Often great strength comes from hiding great weakness.
It’s easy to look at an over achiever and see their frantic worry and need for order and feel sorry for them but I think that urge actually comes from envy. I think everyone wishes they could be more worried than lazy and get things done instead of put them off.
Under achievers present themselves as happy and play toward the idea of the laid back care free persona but in my experience most under achievers are exactly as unhappy as they think over achievers are. Just with nothing to show for it.
I envy over achievers. Normal people “I’ll do it in the morning.” Because they’re tired. Meanwhile the over achiever knows they can’t sleep until it gets done so they do it. Normals lie in bed a few extra hours wishing they’d done something and O.As stay up a few hours getting it done. Both are just as tired in the morning.
As I’ve said I put myself fully in the under achiever territory. I don’t see myself having any good habits, any discipline, any foresight other than pessimism. And I’m miserable most of the time, I can barely distract myself hard enough from what a loser I feel I am. So why not bite the bullet and try being an achiever? Just act like it, just do what I think an achiever would do?
Because then the pressure starts. Like putting rocks on an origami tower, it’s just a matter of when, not if, it crashes down and everything is worse than before.
And yet what I’ve found is usually the foundation I’ve built doesn’t collapse completely and most of the time when I feel like I’ve lost everything I can look back and see objectively that I have more this time than the last time I felt this way.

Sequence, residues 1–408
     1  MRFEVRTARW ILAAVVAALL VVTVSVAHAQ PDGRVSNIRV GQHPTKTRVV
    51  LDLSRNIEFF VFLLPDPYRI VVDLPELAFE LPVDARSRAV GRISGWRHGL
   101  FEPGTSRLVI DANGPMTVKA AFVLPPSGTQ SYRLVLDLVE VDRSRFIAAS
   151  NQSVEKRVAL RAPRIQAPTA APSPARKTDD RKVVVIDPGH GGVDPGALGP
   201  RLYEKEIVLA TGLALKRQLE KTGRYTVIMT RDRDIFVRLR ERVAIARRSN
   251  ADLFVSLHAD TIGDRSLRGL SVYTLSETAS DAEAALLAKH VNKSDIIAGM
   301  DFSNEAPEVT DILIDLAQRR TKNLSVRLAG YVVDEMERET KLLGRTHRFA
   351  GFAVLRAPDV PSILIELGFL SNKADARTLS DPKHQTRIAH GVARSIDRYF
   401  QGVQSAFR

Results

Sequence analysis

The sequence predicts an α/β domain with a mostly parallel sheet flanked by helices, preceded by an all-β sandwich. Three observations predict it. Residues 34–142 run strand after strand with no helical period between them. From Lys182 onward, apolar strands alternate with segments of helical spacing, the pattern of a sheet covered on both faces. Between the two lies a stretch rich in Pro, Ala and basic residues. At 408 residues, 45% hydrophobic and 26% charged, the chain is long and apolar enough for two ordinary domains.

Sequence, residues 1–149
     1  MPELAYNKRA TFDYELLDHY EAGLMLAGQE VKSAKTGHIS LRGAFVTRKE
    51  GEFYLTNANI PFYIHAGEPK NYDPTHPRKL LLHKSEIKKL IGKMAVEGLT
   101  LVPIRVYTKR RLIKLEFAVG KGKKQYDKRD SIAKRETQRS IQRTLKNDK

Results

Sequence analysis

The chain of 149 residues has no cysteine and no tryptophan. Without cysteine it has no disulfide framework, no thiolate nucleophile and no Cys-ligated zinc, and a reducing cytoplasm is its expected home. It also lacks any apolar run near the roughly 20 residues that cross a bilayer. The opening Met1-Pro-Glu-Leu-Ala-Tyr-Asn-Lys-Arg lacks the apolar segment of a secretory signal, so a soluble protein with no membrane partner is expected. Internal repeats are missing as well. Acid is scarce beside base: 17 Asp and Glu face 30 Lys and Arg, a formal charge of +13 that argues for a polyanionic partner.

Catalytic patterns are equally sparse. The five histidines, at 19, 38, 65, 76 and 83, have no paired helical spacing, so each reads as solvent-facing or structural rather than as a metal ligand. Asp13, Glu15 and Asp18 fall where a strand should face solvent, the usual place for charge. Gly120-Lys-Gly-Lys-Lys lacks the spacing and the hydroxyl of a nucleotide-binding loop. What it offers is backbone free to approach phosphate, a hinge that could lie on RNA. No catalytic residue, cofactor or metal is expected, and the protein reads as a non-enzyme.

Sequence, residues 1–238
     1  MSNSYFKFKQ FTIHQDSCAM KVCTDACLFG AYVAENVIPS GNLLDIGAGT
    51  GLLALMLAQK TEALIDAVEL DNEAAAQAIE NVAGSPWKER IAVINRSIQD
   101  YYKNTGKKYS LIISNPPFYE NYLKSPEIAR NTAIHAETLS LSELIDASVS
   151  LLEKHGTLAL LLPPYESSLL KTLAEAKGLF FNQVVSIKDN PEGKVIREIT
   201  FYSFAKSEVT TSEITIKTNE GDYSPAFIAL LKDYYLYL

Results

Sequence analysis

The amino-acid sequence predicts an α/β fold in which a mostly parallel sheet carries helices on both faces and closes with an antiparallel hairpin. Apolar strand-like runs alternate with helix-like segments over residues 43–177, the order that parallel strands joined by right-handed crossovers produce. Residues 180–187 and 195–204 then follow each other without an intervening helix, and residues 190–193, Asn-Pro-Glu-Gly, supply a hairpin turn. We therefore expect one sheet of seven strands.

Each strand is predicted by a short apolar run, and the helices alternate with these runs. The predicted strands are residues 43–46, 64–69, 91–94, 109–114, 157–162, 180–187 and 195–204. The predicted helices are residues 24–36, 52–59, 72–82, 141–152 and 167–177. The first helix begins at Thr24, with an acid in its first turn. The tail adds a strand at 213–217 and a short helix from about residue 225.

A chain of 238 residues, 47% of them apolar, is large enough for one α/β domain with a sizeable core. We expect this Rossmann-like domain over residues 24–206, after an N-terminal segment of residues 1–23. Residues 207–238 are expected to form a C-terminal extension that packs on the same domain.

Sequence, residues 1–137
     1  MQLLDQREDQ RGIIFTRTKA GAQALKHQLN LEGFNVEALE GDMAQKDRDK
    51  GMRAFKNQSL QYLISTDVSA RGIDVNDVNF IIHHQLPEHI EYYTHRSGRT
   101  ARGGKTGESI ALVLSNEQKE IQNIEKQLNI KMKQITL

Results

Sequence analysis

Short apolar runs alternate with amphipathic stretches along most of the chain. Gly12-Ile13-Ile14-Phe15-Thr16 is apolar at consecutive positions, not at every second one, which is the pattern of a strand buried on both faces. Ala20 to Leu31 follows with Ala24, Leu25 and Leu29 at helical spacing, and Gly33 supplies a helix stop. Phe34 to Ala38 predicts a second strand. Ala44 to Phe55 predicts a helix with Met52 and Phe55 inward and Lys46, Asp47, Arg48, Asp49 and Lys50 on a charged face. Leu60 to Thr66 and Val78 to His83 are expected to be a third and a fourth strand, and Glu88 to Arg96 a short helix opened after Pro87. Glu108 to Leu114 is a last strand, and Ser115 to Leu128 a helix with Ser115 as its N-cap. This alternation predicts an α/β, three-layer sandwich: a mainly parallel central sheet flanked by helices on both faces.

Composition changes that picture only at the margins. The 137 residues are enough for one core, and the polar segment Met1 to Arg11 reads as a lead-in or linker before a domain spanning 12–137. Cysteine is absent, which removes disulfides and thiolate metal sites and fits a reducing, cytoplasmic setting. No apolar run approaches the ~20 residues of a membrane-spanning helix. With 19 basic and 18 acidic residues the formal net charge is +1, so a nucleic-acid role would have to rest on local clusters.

I guess the unanswerable question is what’s an ingrained personality trait? I’ve given a lot of thought over the years to the phrase “the depression isn’t you.” Meaning that you shouldn’t confuse the feelings that depression is putting in your brain with feelings that are authentically yours.
But then what is yours? What is you? If I learned to be an under achiever or I born depressed and anxious what’s the difference? What’s retraining yourself and what is lying to yourself? Every addiction specialist I’ve listened to says when you think you’re getting better is when you’re at risk most because the illusion of progress makes you think you’re in control.
I used to think everyone felt the same things I do but I’ve met a few over achievers who clearly don’t. We all have the same base but it’s like the evolution of lizards, some doubled down on venom and some on camouflage.
I always see a danger in hanging around my fellow U.As because we all find relief in letting each other off the hook the way we want to let ourselves off. We spend so much time telling each how we shouldn’t go drinking, should work harder, should look for a better place, should or shouldn’t everything and then we talk each other into because we want to be talked into it.
And the danger of trying to be an achiever by holding yourself and other to constant impossible standards. Burning yourself out and driving everyone nuts. Brad Taylor liked to say it’s better to get something done in one easy hour tomorrow morning than three painful hours tonight.
And really over achievers drive us all nuts. They so badly need to come ahead on everything that if you tell them they need to come out ahead on everything they say they don’t, and if you say you knew they’d say that they’ll say no you didn’t.